* Fed says can start to slow stimulus this year, recovery on track
* Dollar gains vs yen despite fall in equity prices
* U.S. Treasury yields soar, hitting high-yielding currencies
* Aussie hits lowest level in almost 3 yrs vs dollar, euro
* Asian currencies fall more than 1 pct vs USD
By Hideyuki Sano
TOKYO, June 20 (Reuters) - The U.S. dollar rose broadly on Thursday after the Federal Reserve signaled it would begin to dial down stimulus this year as the economic outlook improves.
The Australian dollar and emerging Asian currencies fell sharply as traders speculated that higher U.S. bond yields down the road would prompt investors to shift some of their funds back to the United States from high-yielding currencies.
The U.S. dollar also held firm against the yen, breaking away from the pattern in the past few weeks in which the greenback often fell when Tokyo share prices did.
Fed Chairman Ben Bernanke said that tapering of its bond buying depends on economic data and that a decline in U.S. unemployment to 6.5 percent is a threshold, rather than a trigger, for rate hikes.
Nonetheless, market players tried to look beyond, as U.S. bond yields rose sharply.
"About two years from now, the Fed is going to raise rates. At the end of the day, currencies with low funding costs are likely to be sold. This may lead to a shift from dollar-carried trade to yen-carried trade," said a trader at a Japanese bank.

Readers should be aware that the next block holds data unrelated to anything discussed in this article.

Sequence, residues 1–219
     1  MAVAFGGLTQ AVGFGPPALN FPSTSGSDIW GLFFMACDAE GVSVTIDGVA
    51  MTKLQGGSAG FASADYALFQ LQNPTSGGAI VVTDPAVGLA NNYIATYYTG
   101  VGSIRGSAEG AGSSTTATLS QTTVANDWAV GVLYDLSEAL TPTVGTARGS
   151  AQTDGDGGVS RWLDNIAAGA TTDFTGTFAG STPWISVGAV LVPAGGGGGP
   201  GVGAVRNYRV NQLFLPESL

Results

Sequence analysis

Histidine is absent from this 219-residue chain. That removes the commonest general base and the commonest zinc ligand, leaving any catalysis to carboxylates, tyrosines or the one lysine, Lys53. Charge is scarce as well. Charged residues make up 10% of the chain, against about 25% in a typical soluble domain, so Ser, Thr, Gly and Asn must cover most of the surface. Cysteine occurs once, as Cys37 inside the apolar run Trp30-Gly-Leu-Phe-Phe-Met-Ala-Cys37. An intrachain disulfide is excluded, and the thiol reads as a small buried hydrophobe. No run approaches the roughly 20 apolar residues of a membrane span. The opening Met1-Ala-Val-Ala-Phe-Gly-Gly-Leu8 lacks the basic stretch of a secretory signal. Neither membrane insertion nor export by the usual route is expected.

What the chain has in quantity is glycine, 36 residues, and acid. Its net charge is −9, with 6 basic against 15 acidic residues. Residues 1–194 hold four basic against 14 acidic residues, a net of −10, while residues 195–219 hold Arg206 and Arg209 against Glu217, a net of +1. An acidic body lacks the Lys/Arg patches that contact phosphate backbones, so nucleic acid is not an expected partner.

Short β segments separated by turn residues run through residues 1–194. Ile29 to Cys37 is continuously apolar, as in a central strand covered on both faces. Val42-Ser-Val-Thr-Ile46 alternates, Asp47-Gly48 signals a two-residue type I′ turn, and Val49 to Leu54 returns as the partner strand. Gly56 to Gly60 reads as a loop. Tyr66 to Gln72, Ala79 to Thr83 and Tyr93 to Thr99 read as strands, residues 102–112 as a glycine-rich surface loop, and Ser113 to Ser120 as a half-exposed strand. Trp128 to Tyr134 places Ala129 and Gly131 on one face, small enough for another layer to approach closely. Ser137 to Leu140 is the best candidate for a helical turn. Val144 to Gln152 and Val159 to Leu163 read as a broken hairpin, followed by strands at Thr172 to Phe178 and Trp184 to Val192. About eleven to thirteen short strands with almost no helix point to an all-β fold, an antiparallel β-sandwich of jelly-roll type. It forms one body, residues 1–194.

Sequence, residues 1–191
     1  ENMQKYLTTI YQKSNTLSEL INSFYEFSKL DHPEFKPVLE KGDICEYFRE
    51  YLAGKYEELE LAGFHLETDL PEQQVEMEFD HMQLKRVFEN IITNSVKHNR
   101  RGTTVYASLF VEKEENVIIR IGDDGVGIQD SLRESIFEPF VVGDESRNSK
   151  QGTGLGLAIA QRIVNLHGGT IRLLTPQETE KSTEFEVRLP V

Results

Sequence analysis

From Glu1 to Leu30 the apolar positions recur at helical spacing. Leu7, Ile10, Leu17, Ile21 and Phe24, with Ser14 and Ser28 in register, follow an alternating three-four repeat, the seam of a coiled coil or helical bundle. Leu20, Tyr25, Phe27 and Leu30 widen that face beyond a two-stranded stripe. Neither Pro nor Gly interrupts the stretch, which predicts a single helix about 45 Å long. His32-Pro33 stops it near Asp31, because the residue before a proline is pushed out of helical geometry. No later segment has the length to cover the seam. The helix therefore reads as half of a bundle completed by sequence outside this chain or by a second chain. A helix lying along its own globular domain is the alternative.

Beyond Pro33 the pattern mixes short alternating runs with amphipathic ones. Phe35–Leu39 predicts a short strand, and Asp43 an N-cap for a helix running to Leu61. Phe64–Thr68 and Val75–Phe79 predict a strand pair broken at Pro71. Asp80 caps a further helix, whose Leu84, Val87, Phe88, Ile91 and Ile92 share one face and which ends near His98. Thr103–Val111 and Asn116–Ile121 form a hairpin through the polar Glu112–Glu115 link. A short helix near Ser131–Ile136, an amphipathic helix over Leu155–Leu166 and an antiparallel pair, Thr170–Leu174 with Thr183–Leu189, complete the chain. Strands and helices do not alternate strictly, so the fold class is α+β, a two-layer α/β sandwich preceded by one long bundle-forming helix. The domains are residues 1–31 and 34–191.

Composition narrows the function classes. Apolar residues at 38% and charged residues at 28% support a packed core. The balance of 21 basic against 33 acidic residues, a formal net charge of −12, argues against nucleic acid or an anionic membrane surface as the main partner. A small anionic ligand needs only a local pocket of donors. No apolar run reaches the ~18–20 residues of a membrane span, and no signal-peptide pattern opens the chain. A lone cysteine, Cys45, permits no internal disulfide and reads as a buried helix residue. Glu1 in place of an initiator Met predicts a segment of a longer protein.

The dollar rose 0.3 percent against the yen to 96.74 yen , after touching a one-week high of 97.03 yen briefly on Wednesday despite falls in U.S. and global shares after the Fed's policy meeting.
The euro also swiftly retreated from a four-month high around $1.3418 to last stand at $1.3272, down about 0.2 percent on Thursday following an 0.8 percent fall on Wednesday.
Bernanke's comments, which dashed hopes for a more dovish stance, sent U.S. stocks and bond prices sharply lower, pushing benchmark Treasury yields to a 15-month high. The 10-year yield jumped to 2.377 percent, approaching its March 2012 peak of 2.399 percent and the October 2011 high of 2.420 percent.
The Fed's statements put it ahead of the world's other big central banks in reducing stimulus measures.
The Bank of Japan is just two months into its two-year stimulus while a sluggish euro zone economy is seen as keeping the European Central Bank on easy policy bias.
Commodity currencies were among the hardest hit on Thursday, with the Australian dollar slumping to a fresh 33-month trough of $0.9240. On Wednesday, it fell 2.1 percent, its biggest daily drop in a year and a half.
The Australian dollar also hit its lowest level in almost three years against the euro, which rose to as high as A$1.4357 .
Asian currencies also dropped sharply, with the Korean won , the Thai baht, Malaysian ringgit and the Philippine peso all falling more than 1 percent.
They also had additional woes as the flash HSBC Purchasing Managers' Index showed activity in China's vast manufacturing sector weakened further in June to a 9-month low as new orders faltered
The New Zealand dollar saw a bit of action in early trade, falling about a quarter of a U.S. cent after economic growth at home disappointed.
It hit a near two-week low around $0.7842 after a closely watched report showed the economy grew only 0.3 percent in the first quarter, half of what was expected.